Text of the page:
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NEW YORK - Ecolab Inc., the specialty chemicals maker based in St. Paul, is delaying a plan to reduce its debt as it expands in fracking, the business of wresting natural gas from shale that has been linked to groundwater contamination, high ozone levels and illnesses.
The company, which said in an Aug. 2 regulatory filing it has $6.3 billion of total debt, will put up $1.7 billion in cash for its latest takeover, the purchase of Champion Technologies Inc. for $2.2 billion announced Oct. 12. The deal will raise leverage -- the ratio of debt to EBITDA, or earnings before interest, taxes, depreciation and amortization -- to about 3.7 times from 0.7 at the end of 2010, according to Moody's Investors Service.
The deal, combined with share buybacks, will undermine the company's goal of trimming its debt load. Net debt quadrupled last year after the purchase of water treatment firm Nalco Holding Co. as Ecolab tries to become the largest North American producer of energy-field chemicals.
"Their track record with regard to post-acquisition debt reduction does not inspire confidence," said Carol Levenson, director of research at Gimme Credit. "This is a company that increased its debt sixfold to make an acquisition and then instead of paying down some of the debt announced a big share buyback and then another $2.2 billion acquisition."
Moody's placed Ecolab's Baa1 rating under review for a downgrade due to the company's share buybacks and the "delay in improvement in credit metrics that was expected following the Nalco acquisition," analyst William Reed said in an Oct. 15 statement.
The chemical maker's leverage is "not likely to approach 3 times until the end of 2013," Reed wrote, its actions with regard to its credit suggest a risk profile "suited for a Baa2 rating."
Ecolab made "a very strategic acquisition with Champion," Michael J. Monahan, a company spokesman, said in a telephone interview. The deal will create "a marginal change in the debt metrics" in exchange for a purchase that will increase earnings "from the start."
The largest North American specialty chemicals company will "generate reasonable amounts of free cash flow in the future," analysts at Standard & Poor's wrote in an Oct. 12 report, affirming Ecolab's BBB+ rating, as "management will prioritize debt repayments" in using future excess cash.
Bonds have fallen
Ecolab's bonds have fallen 1.39 percent on a total-return basis since it announced the Champion Technologies deal. Shares in the company are up 9.3 percent in the same period, to $69.56 at the close on Friday.
Daniel Schmechel, Ecolab's chief financial officer, said on an Oct. 12 conference call to discuss the purchase with analysts and investors that the company plans to "return to A range" credit metrics within three years. Management seeks to reduce total debt to between 35 and 45 percent of capital, according to a presentation accompanying that call.
The measure stood at 52.6 percent on June 30, prior to the Champion purchase, according to data compiled by Bloomberg. That's up from 29.6 in September 2011, before the Nalco purchase, and compares with an average of 30 for the specialty chemical industry globally.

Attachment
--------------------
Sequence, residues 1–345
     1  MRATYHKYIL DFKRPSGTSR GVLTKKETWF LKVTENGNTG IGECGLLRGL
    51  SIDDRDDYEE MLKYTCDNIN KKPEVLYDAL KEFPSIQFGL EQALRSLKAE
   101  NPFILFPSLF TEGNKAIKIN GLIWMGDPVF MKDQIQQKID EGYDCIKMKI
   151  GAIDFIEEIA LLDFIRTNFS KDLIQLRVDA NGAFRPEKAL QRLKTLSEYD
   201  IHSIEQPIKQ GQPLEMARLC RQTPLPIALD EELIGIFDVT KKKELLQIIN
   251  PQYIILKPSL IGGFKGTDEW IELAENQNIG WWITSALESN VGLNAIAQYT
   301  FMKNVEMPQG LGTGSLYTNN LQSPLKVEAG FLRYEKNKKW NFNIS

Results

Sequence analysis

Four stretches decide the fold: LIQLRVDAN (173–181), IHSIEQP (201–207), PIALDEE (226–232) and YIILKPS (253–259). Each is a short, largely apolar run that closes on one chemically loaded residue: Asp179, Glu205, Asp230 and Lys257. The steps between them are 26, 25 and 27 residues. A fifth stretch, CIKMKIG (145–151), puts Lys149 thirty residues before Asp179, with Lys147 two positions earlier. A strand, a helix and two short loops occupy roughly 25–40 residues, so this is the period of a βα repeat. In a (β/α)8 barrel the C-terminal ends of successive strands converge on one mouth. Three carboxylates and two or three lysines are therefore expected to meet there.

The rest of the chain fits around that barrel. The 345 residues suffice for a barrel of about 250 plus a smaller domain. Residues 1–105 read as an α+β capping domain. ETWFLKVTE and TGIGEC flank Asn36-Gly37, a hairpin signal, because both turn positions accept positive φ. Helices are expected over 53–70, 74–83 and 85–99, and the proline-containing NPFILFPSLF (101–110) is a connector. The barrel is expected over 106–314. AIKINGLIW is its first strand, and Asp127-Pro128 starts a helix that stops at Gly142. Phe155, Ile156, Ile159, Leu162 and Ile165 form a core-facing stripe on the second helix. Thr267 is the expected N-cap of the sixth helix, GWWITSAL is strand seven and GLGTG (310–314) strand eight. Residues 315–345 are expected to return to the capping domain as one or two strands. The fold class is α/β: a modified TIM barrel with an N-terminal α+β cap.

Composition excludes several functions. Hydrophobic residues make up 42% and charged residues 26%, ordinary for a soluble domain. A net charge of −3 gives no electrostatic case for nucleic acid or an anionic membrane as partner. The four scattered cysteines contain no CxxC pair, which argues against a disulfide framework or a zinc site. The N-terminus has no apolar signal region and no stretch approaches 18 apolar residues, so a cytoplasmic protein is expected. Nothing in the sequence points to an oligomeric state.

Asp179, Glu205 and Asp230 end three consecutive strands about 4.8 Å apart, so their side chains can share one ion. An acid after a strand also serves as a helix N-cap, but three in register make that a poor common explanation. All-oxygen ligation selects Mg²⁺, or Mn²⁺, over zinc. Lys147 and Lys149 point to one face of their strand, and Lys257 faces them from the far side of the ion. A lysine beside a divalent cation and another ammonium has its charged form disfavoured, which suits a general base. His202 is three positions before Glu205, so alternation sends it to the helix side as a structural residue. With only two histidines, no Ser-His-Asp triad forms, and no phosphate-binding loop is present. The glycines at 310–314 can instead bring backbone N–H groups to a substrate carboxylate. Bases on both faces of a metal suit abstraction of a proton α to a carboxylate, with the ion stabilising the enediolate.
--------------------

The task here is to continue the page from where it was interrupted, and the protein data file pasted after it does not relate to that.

"They would have preferred to have paid off more debt before doing this," Shlomo Rosenbaum, an analyst at Stifel Nicolaus & Co.'s Baltimore office, said in a telephone interview. The timing of the purchase was dictated by Champion's decision to sell, he said. "The thing is, you can't be afraid to do something when there's an opportunity there."
Chief Executive Douglas Baker said during the Oct. 12 conference call that the company had been on track to reduce its leverage to 2.6 times by the end of 2012.
Strength in energy services
Ecolab acquired Nalco in December 2011, using a provision in that company's bonds to redeem $528.5 million of debt at a discount of about 7 percent. So-called equity clawbacks enabled Ecolab to call 35 percent of Nalco's debt at face value plus one year's interest with proceeds from a stock offering. Ecolab also issued $3.75 billion of new bonds at the time of that takeover.
The acquisitions are part of Ecolab's plan to strengthen its energy services business. Nalco was strongest in international offshore drilling, Mike Ritzenthaler, a research analyst at Piper Jaffray & Co. in Minneapolis, said in a telephone interview. Champion complements that business well, as "they do the most work in North American onshore," he said, "primarily fracking and oil sands."
In fracking, or hydraulic fracturing, companies blast millions of gallons of water, sand and chemicals to free oil and natural gas from rock formations. Production of gas from shale using methods such as hydraulic fracturing has quadrupled during the past four years, according to the American Exploration & Production Council, a trade association of natural gas and oil companies.
"The harder the oil is to get to, the more profit per barrel goes to Ecolab," said Piper Jaffray's Ritzenthaler. More complex energy extraction methods, such as those used in fracking, deep-sea drilling or oil sands production tend to use more chemicals, he said.
The U.S. Environmental Protection Agency said Oct. 10 that tests of drinking water near a natural-gas drilling site in Wyoming supported a finding establishing the first link by the federal government between hydraulic fracturing and tainted water. Industry-funded studies say fracking poses no threat to groundwater or air quality.